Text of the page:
Jesus is obviously not talking about going to heaven when you die here. Our problem in the West is that we’ve adopted a somewhat Gnostic Greek paradigm of heaven. But the Jews saw it as something very concrete and practical, invading every area of this life. While the Kingdom of Heaven does include God’s highest Heaven, we need to see that this invisible Kingdom is also here, in us and among us, whether latent or realized, in every area of human society.

Like Morpheus’s description in the movie The Matrix…“You can see it when you look out your window or when you turn on your television. You can feel it when you go to work… when you go to church… when you pay your taxes….”

Of course, Satan’s “world construct” that I talked about extensively in the series, Jesus Christ: Savior of the World, has also insinuated itself onto the world we live in. To that construct, Morpheus would say, “It is the world that has been pulled over your eyes to blind you from the truth.” (cf. 2 Cor.4:4).

This blindness is why, even thoughthe light shines in the darknessthe darkness did not comprehend it. (John 1:5 *)

We’re just getting started but we’ll need to continue next time…

* New King James Bible translation unless otherwise noted. All emphasis added.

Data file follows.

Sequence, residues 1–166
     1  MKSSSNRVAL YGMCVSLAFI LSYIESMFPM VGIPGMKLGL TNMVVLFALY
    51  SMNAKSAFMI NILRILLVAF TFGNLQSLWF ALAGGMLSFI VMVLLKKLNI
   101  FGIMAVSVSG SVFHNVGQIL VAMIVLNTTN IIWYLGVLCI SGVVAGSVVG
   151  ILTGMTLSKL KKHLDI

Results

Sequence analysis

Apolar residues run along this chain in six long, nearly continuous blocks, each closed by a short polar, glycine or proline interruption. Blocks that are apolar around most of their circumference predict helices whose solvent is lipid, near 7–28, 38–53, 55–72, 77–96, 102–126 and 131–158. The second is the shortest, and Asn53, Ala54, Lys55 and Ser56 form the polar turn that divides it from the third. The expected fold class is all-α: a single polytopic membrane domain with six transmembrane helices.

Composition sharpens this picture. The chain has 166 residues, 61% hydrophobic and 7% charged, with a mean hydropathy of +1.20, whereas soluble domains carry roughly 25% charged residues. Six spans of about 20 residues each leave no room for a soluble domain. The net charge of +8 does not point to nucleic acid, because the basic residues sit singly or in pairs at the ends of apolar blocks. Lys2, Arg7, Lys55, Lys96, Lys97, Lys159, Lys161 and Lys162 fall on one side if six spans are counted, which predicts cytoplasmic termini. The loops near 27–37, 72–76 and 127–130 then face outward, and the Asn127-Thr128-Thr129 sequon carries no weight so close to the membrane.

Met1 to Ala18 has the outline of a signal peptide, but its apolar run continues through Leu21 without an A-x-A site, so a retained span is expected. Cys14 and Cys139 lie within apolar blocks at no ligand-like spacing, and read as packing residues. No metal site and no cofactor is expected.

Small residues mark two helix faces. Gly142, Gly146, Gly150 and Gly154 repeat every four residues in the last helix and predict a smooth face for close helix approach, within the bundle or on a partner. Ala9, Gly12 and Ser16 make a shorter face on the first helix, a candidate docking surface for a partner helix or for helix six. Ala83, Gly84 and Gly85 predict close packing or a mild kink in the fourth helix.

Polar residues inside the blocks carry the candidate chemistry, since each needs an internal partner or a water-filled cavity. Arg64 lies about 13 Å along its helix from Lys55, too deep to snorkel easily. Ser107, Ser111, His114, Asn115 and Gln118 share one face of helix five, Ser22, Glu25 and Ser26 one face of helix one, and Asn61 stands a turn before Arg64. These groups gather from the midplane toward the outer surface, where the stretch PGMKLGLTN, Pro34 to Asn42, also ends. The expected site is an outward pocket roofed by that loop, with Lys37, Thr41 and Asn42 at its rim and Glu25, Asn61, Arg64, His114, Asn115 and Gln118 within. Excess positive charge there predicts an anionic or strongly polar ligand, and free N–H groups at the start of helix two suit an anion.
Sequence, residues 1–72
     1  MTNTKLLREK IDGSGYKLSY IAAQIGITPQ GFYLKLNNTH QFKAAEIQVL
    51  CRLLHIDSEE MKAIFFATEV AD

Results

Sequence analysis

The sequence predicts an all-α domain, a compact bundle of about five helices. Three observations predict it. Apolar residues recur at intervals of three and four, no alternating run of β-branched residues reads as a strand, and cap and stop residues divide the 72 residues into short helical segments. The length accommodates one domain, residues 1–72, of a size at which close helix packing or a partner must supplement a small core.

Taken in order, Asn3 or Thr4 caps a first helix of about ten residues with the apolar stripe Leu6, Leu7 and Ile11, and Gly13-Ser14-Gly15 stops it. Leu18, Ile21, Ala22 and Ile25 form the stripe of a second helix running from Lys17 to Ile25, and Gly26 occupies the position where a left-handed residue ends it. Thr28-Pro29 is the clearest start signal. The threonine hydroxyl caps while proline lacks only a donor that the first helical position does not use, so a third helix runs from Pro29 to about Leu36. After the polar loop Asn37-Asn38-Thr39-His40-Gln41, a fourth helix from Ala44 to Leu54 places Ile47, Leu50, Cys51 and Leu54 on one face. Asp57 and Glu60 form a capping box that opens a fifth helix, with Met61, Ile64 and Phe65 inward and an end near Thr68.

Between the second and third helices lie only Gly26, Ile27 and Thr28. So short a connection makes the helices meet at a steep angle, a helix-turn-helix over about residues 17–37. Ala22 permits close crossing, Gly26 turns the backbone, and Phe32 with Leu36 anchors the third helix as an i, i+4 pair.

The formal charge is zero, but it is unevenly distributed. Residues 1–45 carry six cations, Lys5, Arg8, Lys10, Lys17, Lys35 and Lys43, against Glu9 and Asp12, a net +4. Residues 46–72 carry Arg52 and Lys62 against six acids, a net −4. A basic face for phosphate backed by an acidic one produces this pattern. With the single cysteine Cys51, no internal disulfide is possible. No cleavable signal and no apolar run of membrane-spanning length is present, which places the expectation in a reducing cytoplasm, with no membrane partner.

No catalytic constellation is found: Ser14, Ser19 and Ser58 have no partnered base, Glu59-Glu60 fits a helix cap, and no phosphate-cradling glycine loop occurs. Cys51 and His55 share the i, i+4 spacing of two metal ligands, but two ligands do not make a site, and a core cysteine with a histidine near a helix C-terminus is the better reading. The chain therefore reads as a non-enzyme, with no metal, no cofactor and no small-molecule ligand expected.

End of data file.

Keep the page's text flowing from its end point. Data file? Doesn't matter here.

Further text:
About Mel Wild

God's favorite (and so are you), a son and a father, happily married to the same beautiful woman for 40 years. We have three incredible adult children. My passion is pursuing the Father's heart in Christ and giving it away to others. My favorite pastime is being iconoclastic and trailblazing the depths of God's grace. I'm also senior pastor of Cornerstone Church in Wisconsin.
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11 Responses to Jesus’ Subversive Kingdom – Part One

  1. Pastor Randy says:

    Love it! This is why I believe that we need to change our narrative, “our” story, from “the church”, meaning something we can control, to “The Kingdom of God” where everything is out of our control, but under the control of The King!

    • Mel Wild says:

      Yes, I don’t think we, as Americans at least, like the idea of a King. We threw off a king to form our nation. “Church,” especially when we say that we are the church as individuals, sounds more like independence and freedom to us. So, we can still do whatever we please. We don’t have to be in relationship. Unfortunately, that’s the wrong kind of freedom. The invitation isn’t to accept Jesus so we can go to heaven when we die (which makes what we do here pretty much irrelevant, other than get other people to say a prayer); we were invited into a Kingdom where there is a King. This King has a mission for us to fulfill, but this King is also love, so He always has our best interests in mind, even if we don’t think so. We don’t invite Him into our tiny little lives; He invites us into His great big life! 🙂